50. 50. Module 2: Designing Learning Experiences for OER-based eLearning 45 3. Define the standards/criteria for judging the degree of change. 4. Develop a learning outcome comprising the above three components. Dialogue begins: Post the developed learning outcome in the discussion forum within the first two days of the week. During the first three days of the week, respond to the posts of at least two of your peers and comment on the appropriateness of the three components of each LO, with suggestions on how they might be improved. e-Moderator interventions: The moderator will log into the forum once every day to offer feedback and guidance. Schedule and time: One week (spread over 5 days). Posting your work should happen during the first two days of the week. Responding to work of your peers should be done within the first three days of the week. Learning resources: The OER essential resources and additional resources given below will help you write your learning outcomes. You need to study the relevant sections/pages indicated in the weblinks given. Next: Based on peer feedback and tutor comments, you can now revise and refine the developed LOs and then finalise all required learning outcomes for your course, along the same lines. Upload your finalised learning outcomes for your course, together with a reflection on this process, as Assignment — Part I, by the due date. Learning Resources — Developing learning outcomes The OER resources below will help you write your learning outcomes. You need to study the relevant sections/pages indicated in the links given. OER Essential Resources: Teaching Methodology by Caroline W. Ndirangu Weblink: http://oer.avu.org/bitstream/handle/123456789/74/Teaching%20 Methodology.pdf Section and pages: Unit 2 — 2.2 Learning Objectives — Pages 44 to 55.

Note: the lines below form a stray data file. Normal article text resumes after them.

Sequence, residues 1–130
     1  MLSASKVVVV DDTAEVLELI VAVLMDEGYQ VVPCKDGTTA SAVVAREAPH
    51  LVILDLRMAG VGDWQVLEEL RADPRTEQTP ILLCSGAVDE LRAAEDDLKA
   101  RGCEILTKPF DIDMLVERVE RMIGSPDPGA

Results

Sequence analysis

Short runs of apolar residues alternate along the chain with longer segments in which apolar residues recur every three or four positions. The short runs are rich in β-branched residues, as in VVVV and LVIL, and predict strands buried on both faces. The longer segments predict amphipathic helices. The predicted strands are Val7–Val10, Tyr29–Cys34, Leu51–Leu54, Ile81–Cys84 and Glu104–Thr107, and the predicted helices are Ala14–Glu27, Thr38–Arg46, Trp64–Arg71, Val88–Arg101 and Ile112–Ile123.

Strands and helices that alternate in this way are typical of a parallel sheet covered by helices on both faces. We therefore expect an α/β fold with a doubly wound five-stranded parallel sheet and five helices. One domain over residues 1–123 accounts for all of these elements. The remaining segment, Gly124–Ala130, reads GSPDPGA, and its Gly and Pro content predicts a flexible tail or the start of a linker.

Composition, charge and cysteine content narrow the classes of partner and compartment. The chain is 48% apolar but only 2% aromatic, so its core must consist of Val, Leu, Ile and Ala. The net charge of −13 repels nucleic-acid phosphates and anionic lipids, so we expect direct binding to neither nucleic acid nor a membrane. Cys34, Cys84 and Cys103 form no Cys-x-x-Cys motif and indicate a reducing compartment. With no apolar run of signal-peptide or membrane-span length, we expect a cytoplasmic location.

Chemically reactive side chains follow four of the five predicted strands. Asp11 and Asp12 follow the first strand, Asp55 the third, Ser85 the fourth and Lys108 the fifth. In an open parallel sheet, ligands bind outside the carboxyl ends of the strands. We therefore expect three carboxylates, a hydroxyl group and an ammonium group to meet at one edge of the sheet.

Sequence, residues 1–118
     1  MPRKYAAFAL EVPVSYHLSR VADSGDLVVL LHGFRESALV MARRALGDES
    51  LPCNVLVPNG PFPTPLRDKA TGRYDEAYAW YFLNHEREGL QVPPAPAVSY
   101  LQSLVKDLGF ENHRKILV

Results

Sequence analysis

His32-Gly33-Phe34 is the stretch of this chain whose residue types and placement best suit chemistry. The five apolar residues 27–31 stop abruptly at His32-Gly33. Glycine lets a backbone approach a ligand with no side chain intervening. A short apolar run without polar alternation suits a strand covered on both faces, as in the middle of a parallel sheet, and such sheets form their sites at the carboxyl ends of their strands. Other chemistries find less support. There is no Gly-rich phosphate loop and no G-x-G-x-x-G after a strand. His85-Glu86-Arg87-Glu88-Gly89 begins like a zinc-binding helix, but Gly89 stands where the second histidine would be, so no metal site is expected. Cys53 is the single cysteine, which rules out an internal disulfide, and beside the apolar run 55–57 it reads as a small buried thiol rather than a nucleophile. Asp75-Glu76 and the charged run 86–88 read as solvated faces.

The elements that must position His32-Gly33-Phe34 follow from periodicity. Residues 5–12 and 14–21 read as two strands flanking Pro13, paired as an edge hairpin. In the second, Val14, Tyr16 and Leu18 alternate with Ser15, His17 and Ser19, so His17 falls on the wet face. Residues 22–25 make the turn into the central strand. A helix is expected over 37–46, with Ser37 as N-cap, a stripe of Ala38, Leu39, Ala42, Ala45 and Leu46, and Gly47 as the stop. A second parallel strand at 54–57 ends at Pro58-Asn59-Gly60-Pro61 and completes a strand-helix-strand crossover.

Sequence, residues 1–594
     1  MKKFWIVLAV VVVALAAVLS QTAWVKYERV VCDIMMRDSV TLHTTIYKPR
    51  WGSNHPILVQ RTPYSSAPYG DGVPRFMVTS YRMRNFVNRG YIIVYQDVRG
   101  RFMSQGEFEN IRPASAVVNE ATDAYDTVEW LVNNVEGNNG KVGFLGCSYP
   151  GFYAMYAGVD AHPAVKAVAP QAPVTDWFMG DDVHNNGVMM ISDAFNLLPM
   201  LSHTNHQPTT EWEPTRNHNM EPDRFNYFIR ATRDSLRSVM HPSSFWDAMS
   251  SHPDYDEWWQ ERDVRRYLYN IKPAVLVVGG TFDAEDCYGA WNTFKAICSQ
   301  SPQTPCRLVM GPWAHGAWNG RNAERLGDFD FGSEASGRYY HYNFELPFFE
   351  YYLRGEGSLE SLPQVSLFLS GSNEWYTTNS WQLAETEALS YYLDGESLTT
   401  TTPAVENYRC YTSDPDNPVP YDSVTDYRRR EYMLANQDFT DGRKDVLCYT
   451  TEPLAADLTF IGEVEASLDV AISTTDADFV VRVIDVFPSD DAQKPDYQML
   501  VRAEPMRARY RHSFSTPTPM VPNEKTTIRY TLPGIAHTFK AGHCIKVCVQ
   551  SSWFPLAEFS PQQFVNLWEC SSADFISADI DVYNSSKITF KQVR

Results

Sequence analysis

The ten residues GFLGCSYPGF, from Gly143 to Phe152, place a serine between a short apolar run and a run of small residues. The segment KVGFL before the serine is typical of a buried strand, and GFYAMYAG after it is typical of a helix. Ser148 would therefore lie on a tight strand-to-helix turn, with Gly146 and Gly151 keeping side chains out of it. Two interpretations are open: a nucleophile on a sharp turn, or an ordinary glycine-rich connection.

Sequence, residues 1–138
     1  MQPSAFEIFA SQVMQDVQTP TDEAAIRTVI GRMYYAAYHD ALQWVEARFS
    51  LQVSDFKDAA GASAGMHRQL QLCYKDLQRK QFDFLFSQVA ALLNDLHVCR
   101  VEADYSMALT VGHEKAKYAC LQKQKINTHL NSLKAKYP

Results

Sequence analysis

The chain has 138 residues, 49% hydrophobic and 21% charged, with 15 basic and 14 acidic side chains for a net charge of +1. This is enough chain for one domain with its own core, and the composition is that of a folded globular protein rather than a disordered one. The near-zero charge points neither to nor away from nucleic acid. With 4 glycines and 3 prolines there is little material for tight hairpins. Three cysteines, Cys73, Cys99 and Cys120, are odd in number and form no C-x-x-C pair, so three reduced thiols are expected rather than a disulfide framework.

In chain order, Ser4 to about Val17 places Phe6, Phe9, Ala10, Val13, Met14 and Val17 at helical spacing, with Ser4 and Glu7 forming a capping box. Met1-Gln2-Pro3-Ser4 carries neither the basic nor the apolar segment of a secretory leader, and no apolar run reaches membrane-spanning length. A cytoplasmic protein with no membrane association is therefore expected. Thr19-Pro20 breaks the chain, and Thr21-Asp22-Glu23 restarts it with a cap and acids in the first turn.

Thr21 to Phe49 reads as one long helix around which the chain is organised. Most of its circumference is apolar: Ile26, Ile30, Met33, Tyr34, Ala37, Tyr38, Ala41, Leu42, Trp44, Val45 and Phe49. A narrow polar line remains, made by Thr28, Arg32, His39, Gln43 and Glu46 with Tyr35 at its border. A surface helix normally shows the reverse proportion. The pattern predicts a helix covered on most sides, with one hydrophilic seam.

51. 51. 46 Commonwealth Educational Media Centre for Asia Formulating Learning Objectives by Wikibooks Weblink: http://en.wikibooks.org/wiki/Developing_Learning_Objectives Section and pages: Please read the entire content in the webpage. Weblink: http://en.wikibooks.org/wiki/Contemporary_Educational_Psychology/Chapter_9:_ Instructional_Planning/Formulating_Learning_Objectives Section and pages: Chapter 9, please read the entire content in the webpage. Weblink: http://en.wikibooks.org/wiki/Bloom%27s_Taxonomy Section and pages: Please read the entire content in the webpage. Resources in Merlot.org Web link: http://pedagogy.merlot.org/LearningObjectives.htm Study the following materials given as resources on this webpage: Why Do We Need Learning Objectives at http://ets.tlt.psu.edu/learningdesign/ objectives/basicinfo Developing Course Objectives at http://www.ion.uillinois.edu/resources/ tutorials/id/developObjectives.asp Creating Learning Outcomes at http://distance.fsu.edu/instructors/creating-learning- outcomes Additional resources: Designing Online Learning by Sanjaya Mishra Weblink: http://www.col.org/SiteCollectionDocuments/KS2001-02_online.pdf Section and pages: Building Online Learning Environments — Pages 3 to 5 http://toolkit.goodpractice.com/mdt/resources/development-cycle/training-cycle- design/designing-learning-and-development-activities/robert-f-mager-effectiveLearning- objectives http://www.oucom.ohiou.edu/fd/writingobjectives.pdf